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Here’s how to build a beautiful, satisfying mezze board with as many or as few homemade elements as you like. A real crowd-pleaser.

a mezze board (mezze platter)
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Why we love this recipe

I’m a huge fan of platters, and a fabulous mezze board is no exception. Layered with savory and a few sweet elements, and highly customizable, this dreamy dish works equally well on a buffet at a big party or as a weeknight family dinner. My favorite vegetarian mezze platter includes:

  • Several savory spreads
  • Pan-fried halloumi cheese
  • A few of our favorite two-bite wonders
  • Plenty of veggies
  • A little bit of fruit
  • Generous amounts of good flatbread

What you’ll need

Here’s a glance at the ingredients you’ll need to make this recipe. A mezze board is very flexible, so you can pick and choose — or incorporate additional elements — as you like.

ingredients in bowls
  • A good mezze platter includes at least one spread, ideally more than one. Here I’ve used hummus and tzatziki.
  • Including a few heartier ingredients makes the platter a whole meal if you’d like it to be, or simply a nice, substantial appetizer. Here I’ve included falafel, pan-fried halloumi cheese, and stuffed grape leaves.
  • Fresh vegetables like bite-sized tomatoes and cucumber slices are great on their own and also for dipping.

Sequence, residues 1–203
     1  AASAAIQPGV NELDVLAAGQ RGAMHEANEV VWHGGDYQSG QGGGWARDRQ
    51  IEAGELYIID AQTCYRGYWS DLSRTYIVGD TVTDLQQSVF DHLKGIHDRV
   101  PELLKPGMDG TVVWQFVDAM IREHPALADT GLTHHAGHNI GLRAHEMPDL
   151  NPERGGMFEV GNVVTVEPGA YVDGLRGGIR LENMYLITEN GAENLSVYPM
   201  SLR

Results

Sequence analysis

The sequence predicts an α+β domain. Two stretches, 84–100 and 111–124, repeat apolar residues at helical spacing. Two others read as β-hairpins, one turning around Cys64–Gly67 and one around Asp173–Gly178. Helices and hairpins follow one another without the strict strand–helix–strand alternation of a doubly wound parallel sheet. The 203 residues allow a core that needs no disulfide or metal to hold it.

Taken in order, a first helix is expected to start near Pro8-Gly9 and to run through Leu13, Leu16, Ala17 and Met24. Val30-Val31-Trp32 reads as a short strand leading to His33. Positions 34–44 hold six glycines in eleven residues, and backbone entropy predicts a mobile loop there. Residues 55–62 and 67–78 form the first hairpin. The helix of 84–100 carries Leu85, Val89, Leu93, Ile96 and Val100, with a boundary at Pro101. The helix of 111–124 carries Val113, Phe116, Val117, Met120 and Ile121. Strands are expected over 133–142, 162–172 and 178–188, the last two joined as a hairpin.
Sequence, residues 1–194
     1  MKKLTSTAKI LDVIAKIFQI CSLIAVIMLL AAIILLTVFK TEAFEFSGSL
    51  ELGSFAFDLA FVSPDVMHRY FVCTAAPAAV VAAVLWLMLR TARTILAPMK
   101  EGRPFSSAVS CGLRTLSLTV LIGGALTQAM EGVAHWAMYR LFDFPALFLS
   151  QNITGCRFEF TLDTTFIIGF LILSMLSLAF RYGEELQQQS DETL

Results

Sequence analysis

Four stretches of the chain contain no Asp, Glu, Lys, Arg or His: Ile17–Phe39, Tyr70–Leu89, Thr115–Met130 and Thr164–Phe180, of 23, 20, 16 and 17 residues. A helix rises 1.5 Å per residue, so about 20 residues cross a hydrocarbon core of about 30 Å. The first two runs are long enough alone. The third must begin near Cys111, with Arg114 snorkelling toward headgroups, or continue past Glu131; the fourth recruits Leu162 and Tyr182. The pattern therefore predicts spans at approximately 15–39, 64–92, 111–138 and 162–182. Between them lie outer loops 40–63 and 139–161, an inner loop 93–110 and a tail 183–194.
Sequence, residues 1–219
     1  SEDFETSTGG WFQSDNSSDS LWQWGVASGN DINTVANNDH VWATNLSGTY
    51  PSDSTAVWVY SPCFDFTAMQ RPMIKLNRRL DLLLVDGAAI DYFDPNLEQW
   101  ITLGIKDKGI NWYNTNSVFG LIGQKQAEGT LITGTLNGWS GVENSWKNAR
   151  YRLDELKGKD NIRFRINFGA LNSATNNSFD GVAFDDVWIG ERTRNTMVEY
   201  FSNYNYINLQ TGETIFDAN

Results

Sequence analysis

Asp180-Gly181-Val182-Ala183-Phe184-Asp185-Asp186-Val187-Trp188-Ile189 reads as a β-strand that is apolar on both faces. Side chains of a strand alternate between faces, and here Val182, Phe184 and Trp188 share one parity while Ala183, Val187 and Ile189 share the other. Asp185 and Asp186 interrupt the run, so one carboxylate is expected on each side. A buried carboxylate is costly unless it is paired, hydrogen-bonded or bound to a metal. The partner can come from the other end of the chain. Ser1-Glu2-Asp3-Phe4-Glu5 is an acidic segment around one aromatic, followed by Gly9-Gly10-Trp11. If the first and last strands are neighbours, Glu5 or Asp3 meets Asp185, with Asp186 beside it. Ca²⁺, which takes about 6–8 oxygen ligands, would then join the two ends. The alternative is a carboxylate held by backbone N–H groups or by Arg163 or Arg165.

• I’ll often include a cooked vegetable or two as well. Here I’ve pictured charred padrón peppers.
  • I like to include one sweet element — here I’ve halved some beautiful fresh figs. You can include more than one if you prefer. Other good options would be fresh or dried apricots, medjool dates, or pomegranate.
  • Lots of good-quality pita or other flatbread scoops up spreads and keeps folks satisfied. Here I’ve pictured toasted garlic naan.
  • To finish, I like to use a drizzle of good olive oil, some za’atar, and flaky sea salt.

Recipe suggestions

If you’d like to make some of your own elements, here are my top recommendations.

How to make it

Here’s an overview of what you’ll do to make a gorgeous vegetarian mezze platter. You can see the steps in action in the video that accompanies this post, and get all the details in the recipe card below.

step by step
  1. On a large platter, arrange the spreads
  2. Add the more substantial ingredients like falafel, halloumi, and stuffed grape leaves.
  3. Layer on the veggies, fruits, and flatbread.
  4. Finish with a drizzle of olive oil and a sprinkle of za’atar. That’s it!

Expert tips and FAQs

Where do mezze platters originate?

You’ll find nearly infinite versions of these crowd-pleasing grazing platters throughout parts of the Middle East, Northern Africa, and the Mediterranean. I tend to incorporate my favorite elements of a wide variety of cuisines from these regions onto one board, but you don’t have to.

Can I make this recipe in advance? What about leftovers?

Many of the elements for a mezze platter can be made in advance. If that’s important to you, you can certainly choose ingredients that do well with advance prep or purchase. I recommend assembling the board shortly before serving. Store leftover elements in separate airtight containers in the fridge for up to a week.

More favorite platters

a mezze board (mezze platter)

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a mezze board (mezze platter)
5 from 3 votes

Mezze Board

By Carolyn Gratzer Cope